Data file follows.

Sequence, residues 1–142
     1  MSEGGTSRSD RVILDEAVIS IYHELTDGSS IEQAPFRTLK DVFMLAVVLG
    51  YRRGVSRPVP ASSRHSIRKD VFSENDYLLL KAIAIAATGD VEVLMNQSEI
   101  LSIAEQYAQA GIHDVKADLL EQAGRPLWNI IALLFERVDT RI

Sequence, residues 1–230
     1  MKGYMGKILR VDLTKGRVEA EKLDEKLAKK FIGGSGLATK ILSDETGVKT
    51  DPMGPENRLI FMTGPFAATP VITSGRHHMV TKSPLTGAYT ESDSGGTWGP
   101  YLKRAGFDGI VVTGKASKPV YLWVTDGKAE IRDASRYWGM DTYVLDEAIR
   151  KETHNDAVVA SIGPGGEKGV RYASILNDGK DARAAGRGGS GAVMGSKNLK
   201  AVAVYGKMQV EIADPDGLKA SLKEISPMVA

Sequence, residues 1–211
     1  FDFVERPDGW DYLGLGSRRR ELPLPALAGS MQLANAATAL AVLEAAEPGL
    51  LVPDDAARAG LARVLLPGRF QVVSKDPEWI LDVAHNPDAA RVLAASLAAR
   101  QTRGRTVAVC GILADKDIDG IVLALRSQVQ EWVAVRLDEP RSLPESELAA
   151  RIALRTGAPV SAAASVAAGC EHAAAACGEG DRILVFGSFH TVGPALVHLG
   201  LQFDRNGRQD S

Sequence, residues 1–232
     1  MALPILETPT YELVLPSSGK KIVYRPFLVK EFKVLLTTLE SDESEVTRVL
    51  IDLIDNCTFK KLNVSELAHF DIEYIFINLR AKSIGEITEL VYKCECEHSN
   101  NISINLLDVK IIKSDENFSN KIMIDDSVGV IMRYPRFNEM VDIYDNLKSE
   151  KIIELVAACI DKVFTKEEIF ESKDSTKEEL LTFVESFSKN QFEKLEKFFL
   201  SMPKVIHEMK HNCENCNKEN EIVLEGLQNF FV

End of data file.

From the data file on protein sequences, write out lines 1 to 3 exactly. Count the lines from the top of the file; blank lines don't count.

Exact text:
Sequence, residues 1–142
     1  MSEGGTSRSD RVILDEAVIS IYHELTDGSS IEQAPFRTLK DVFMLAVVLG
    51  YRRGVSRPVP ASSRHSIRKD VFSENDYLLL KAIAIAATGD VEVLMNQSEI